For example on one of my modules, if I press reset, I obtain the following message:

    ets Jan  8 2013,rst cause:4, boot mode:(3,7)
    wdt reset
    load 0x40100000, len 29132, room 16 
    tail 12
    chksum 0x4c
    ho 0 tail 12 room 4
    load 0x3ffe8000, len 2888, room 12 
    tail 12
    chksum 0xf7
    ho 0 tail 12 room 4
    load 0x3ffe8b48, len 8, room 12 
    tail 8
    chksum 0xbf
    csum 0xbf

    Not extremely useful (except to check it is properly booting...) but there is more.

    Wifi debugging

    For example, on another module, here is the message when connecting to Wifi:

    f 0, scandone
    add 0
    aid 1
    pm open phy_2,type:2 0 0
    connected with MYSSID, channel 3
    dhcp client start...

    Serial port

    Moreover, it is also possible to write from the programme to this serial port and it is very easy. As the Arduino documentation put it:

    To use Serial1, call Serial1.begin(baudrate).

    But you have to remember that you can only write (only TX exists).


    Simply connect GPIO2/D4 and GND to a serial adapter. Speed settings should be 115200 8N1 but as usual with these modules, your mileage may vary.

    Different models of Nodemcu

    There are quite a few versions of breakout board, all more or less compatible. Below a selection of the most famous ones (I am not even including the clones):

    More information on this blog. Check also this one.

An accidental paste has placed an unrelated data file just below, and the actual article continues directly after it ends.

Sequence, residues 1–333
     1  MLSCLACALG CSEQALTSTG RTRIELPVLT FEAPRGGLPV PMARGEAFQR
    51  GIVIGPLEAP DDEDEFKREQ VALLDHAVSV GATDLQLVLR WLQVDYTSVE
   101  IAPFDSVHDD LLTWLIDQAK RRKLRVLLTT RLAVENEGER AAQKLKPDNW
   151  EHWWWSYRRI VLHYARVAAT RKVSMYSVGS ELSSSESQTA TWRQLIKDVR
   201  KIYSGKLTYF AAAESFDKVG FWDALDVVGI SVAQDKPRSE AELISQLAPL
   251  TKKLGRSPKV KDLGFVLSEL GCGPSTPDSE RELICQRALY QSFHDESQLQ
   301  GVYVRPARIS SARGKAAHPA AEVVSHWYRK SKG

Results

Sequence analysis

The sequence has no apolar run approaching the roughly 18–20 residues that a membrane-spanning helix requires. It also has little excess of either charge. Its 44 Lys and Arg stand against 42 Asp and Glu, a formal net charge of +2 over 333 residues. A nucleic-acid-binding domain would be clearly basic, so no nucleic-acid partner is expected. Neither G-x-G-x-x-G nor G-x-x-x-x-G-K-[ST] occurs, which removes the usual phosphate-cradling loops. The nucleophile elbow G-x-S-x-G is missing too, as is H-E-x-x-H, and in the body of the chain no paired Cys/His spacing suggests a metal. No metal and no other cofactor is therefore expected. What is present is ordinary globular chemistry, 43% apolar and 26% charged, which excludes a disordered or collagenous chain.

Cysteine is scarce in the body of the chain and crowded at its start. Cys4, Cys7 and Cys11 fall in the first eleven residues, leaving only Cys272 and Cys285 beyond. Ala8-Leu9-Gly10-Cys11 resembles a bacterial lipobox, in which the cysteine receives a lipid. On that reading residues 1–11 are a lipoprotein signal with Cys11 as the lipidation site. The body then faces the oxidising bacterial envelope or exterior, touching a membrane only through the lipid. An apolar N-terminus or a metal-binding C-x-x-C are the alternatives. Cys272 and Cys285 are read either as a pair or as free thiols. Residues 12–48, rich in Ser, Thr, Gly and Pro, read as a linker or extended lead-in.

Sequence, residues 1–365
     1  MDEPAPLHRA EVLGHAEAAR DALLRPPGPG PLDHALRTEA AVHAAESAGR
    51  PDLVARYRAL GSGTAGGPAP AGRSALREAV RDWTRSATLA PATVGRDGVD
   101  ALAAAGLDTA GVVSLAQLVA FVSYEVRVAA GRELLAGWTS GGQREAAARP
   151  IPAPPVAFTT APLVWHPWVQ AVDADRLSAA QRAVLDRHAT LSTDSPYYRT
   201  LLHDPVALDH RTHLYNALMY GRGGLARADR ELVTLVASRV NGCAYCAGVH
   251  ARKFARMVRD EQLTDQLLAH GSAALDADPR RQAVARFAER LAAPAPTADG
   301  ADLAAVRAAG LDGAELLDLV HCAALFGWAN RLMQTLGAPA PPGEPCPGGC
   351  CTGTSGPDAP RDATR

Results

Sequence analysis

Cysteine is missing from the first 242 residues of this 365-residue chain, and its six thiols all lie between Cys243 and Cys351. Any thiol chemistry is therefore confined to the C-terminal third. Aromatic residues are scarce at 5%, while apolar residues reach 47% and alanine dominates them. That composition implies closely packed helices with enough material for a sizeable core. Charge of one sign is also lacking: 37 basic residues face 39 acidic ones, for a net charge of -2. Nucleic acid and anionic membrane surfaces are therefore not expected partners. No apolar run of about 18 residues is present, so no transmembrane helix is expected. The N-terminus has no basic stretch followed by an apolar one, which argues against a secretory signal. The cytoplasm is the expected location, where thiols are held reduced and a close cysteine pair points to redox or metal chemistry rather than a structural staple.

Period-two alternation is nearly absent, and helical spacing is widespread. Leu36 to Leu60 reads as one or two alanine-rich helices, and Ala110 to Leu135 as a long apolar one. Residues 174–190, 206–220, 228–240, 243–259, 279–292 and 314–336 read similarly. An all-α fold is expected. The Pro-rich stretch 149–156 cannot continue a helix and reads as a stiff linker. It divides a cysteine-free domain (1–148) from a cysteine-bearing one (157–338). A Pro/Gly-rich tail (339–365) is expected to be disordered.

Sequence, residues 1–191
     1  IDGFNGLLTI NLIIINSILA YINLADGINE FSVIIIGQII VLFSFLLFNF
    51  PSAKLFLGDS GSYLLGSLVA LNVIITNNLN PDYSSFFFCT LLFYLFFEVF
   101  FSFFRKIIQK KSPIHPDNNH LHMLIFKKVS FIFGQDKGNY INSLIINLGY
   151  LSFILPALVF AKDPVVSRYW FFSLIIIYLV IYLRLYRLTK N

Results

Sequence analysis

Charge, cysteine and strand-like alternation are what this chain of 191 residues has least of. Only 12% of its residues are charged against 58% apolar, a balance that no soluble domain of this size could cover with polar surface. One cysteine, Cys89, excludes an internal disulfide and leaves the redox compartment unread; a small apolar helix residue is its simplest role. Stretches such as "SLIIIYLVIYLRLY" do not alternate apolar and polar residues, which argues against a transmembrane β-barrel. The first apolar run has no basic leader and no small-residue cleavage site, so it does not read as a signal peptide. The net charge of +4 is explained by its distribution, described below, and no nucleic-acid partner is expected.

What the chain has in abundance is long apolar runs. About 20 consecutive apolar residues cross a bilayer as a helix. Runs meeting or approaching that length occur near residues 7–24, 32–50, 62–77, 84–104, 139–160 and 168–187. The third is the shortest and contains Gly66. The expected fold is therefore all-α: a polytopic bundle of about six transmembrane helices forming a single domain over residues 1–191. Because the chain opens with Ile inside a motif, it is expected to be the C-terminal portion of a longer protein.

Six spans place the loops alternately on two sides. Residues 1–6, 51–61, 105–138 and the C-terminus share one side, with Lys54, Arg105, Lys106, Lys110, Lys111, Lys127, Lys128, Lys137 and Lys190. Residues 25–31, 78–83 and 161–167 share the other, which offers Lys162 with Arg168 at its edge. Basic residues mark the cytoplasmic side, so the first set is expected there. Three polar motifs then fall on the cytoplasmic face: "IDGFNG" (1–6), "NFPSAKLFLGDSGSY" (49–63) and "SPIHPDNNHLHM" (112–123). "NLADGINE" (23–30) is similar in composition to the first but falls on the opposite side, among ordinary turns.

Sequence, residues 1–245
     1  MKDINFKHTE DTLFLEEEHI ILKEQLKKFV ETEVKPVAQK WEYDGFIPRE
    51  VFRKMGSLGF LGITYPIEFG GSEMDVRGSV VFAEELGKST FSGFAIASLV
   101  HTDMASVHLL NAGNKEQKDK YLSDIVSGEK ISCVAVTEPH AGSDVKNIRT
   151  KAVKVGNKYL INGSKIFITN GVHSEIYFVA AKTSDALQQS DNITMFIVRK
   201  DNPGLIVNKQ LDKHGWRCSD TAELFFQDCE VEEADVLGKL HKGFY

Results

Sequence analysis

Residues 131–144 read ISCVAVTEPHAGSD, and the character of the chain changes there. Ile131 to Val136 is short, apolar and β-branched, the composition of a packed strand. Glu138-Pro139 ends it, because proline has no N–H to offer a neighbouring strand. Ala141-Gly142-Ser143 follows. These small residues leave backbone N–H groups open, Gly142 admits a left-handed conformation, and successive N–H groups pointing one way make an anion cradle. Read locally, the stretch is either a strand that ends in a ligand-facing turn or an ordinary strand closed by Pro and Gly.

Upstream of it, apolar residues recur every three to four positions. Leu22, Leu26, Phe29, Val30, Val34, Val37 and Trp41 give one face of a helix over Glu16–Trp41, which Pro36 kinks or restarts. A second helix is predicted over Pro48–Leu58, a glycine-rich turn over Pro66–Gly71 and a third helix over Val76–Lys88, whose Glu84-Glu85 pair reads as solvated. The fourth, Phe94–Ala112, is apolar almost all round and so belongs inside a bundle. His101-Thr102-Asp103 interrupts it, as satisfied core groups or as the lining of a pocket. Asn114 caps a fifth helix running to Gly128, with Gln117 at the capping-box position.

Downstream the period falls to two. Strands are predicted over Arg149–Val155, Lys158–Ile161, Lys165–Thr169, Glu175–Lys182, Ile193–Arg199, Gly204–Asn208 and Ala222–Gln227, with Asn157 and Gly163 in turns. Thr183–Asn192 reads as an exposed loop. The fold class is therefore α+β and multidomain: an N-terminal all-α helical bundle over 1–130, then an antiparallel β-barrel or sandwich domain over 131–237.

And all this without even mentioning the new generation!

    Wifi with ESP8266 - Part 5

    In previous posts, I mentioned a problem with ESP8266 modules when using a Orange Livebox (the router let by my ISP). It was confirmed by someone else (thanks you Sébastien H.) that splitting into 2 SSIDs 2.4 Ghz & 5 Ghz and forcing all clients on the 2.4 Ghz helps.

    I also received a few queries about how I worked around this problem...

    Well, basically, I bought a Wifi dongle I installed on my Raspberry and created a new totally private network aside. It probably helps a tiny bit with security but it is a bit of a pain with kernels/modules as my dongle is not recognised with the standard kernel.

    An alternative could have been to use a cheap Wifi repeater/booster since most of them just create a new SSID bridged to the base network. The risk being this new bridge behaving like the Livebox.

    Help with a Wifi dongle on a Raspberry Pi

    Realtek RTL8188EU

    In theory, the process is straightforward:

    apt-get install -y hostapd firmware-realtek isc-dhcp-server iw

    See, for example,

    As indicated above, I have an issue with the default kernel module 8188eu... The Wifi dongle is only half recognised and doesn't initialise properly. Fortunately, a functional version can be found pre-compiled here:

    • First, find the filename name in the list according to the dongle and the kernel version
    uname -a
    • Then the module can be downloaded for Raspberry P1 or P2 (look for or on the page).

    • Once installed, all Wifi tools (and in particular iw ) should work properly.